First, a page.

What is sad is that these same few examples—all of practical knowledge, mostly about growing food—are trotted out again and again as an example of “breakthough” work used to justify the value of dismantling or decolonizing modern science and used to justify giving millions of dollars to indigenous research institutes or even dubious projects (e.g.,  giving $320,ooo to Priscilla Wehi to investigate completely unbelievable claim that Polynesians, the ancestors of Māori, discovered Antarctica in 650 A.D.  (In reality, the Russians found it in 1820).

Practical knowledge like that shown above, is good, but millions of dollars are being funneled into labs that will be run by Māori, use Māori researchers and “ways of knowing”, and abjure modern science. That will be largely a waste of money, and New Zealand can’t afford to throw millions of research dollars down the rabbit hole. But that’s the result of the “decolonizing science” initiative.

29 thoughts on “The meager results of the fight to decolonize “Western science” in New Zealand

  1. Like a lot of modern Progressivism, it doesn’t make sense unless you know the lingo. When they talk about “colonialism”, you have to remember that Lenin called colonialism the highest form of capitalism. When the talk about decolonizing science, they actually mean getting rid of bourgeois science. Objective science gets into the way of nonsense.

  2. I have little to add, except that I’m paying attention and am glad that you are covering this topic. This does seem to have all the trappings of a power play, where people are trying to co-opt the institutions and funding of science for their own parochial interests. I wonder how much of this movemeant is really about science at all.

  3. Fortunately, science in the US does not have to contend with the intrusion of kaupapa Maori. Instead, we have kaupapa DEI.

  4. I understand that the next NZ General Election is due in October this year. The main opposition to the current Government is the National Party, whose science spokesman published this statement a couple of years ago:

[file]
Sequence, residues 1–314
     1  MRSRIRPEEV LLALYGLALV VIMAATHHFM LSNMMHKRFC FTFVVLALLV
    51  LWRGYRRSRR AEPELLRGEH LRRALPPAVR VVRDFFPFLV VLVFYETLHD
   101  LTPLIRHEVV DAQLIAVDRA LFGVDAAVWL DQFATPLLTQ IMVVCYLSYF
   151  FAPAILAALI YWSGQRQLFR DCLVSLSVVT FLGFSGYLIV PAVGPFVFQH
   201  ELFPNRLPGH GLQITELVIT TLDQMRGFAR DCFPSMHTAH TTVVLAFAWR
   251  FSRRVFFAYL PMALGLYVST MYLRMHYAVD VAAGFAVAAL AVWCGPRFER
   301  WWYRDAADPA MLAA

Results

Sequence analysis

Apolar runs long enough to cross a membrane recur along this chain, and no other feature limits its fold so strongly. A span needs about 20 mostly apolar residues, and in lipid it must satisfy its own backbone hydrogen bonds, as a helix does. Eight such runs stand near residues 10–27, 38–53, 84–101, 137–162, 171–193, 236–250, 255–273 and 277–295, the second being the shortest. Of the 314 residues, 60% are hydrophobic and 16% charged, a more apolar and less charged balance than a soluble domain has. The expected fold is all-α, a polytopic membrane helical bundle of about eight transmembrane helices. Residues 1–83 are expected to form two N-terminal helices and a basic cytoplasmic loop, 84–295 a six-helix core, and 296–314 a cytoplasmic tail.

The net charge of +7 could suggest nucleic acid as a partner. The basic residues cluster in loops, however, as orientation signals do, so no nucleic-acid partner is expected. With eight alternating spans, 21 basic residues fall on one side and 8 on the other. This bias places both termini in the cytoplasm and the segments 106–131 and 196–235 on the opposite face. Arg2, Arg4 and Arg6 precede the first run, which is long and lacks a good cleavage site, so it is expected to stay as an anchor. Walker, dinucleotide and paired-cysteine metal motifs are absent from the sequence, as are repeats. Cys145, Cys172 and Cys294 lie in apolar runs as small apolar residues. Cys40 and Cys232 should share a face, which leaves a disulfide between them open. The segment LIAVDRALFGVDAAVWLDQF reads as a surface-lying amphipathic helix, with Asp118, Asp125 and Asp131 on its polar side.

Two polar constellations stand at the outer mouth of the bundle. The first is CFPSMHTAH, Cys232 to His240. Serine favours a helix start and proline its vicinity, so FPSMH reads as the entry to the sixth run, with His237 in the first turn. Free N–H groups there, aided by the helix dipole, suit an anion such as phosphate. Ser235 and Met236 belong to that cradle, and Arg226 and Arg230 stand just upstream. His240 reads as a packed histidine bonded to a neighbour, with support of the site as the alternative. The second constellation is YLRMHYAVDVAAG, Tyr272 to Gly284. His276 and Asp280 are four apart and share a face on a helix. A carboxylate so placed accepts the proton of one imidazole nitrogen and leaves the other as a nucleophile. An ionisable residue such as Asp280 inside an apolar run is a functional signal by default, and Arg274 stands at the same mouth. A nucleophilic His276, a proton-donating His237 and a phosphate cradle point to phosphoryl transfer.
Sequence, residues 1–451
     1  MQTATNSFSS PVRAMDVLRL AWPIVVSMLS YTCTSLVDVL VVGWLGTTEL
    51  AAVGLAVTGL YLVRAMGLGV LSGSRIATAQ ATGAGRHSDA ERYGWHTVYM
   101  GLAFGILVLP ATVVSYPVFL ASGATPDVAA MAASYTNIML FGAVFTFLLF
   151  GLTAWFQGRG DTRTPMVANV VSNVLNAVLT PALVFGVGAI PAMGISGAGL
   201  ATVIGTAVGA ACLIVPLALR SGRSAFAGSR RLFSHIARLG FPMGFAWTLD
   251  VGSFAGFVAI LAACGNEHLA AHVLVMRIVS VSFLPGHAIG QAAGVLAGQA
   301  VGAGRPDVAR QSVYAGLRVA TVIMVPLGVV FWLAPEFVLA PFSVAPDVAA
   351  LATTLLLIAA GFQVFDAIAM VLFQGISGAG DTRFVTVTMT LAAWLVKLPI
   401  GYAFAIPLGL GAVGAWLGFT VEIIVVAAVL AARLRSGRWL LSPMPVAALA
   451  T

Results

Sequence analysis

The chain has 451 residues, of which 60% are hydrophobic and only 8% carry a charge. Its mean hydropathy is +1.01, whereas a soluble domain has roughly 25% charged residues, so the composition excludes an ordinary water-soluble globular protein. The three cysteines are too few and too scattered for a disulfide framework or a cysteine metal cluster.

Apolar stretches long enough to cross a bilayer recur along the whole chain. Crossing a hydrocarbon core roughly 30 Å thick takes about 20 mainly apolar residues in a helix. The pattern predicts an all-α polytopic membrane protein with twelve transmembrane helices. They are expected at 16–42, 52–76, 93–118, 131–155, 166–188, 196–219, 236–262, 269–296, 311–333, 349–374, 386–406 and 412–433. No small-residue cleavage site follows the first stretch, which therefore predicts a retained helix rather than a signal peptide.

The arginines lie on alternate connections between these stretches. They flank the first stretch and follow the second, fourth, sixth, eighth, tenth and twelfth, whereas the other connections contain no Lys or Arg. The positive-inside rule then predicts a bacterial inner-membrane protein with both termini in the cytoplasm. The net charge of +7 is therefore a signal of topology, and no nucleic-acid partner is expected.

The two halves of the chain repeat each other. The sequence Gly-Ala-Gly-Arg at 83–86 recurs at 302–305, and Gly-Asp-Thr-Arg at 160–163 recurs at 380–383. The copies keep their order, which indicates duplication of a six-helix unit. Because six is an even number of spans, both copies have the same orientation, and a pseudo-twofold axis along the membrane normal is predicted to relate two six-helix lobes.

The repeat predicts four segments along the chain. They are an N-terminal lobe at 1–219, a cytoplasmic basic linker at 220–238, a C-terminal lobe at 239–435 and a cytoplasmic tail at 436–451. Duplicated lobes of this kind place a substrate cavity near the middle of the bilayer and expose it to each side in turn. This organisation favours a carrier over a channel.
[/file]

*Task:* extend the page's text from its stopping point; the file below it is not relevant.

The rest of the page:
It would be interesting if NZ readers could comment on (a) the NP’s chances of winning the election; (b) if they did, what their attitude to science and MM might be in practice; and (c) what the wider consequences of an NP victory might be.

    1. This is not quite what you are asking, but it might help a bit:
      National Party is also quietly saying it doesn’t want to ignite a race war.
      There are also two smaller parties — which probably read as ‘centrist’ to Americans but as leaning ‘right’ in NZ — who are more fulsome about education policy or more open to defence of enlightenment values. Many people who have traditionally voted Labour (and who voted enthusiastically for Arden) are now open about looking to ACT Party and NZ First Party. But the polls are not showing clear and strong evidence of this. Some of these new, potential ‘swing voters’ say they can never vote for ACT nor for NZFirst. ACT traditionally link to strong capitalist forces, and Kiwis have long preferred a social welfare safety net. The new, young ACT leadership is trying to forge stronger associations with ‘liberal’ enlightenment values. NZFirst is a thorn in the side of both major parties, regarded by each side as having betrayed them in the past. NZFirst seems to be struggling to get any news coverage in the mainstream media. You have to make an effort to go out and find them to get to hear what the minor parties are saying.

      1. Thank you! As so often, things are much more complicated than they might appear from the outside. The election will be interesting.

    2. Further to S’s reply:
      It is a very strange time here in NZ. The polls suggest it will be a very close election, with polls bouncing between a close victory for the right / centre right bloc of National and Act, and a close victory for the centre-left / extreme left bloc of Labour-Greens-Maori Party. If you want to see what batsh!t crazy looks like, look up some of the statements of the Maori Party co-leaders Debbie Ngarewa-Packer and Rawiri Waititi, both of whom are sitting Members of Parliament. And the Green Party is completely on board with the Maori separatist agenda of the Maori Party.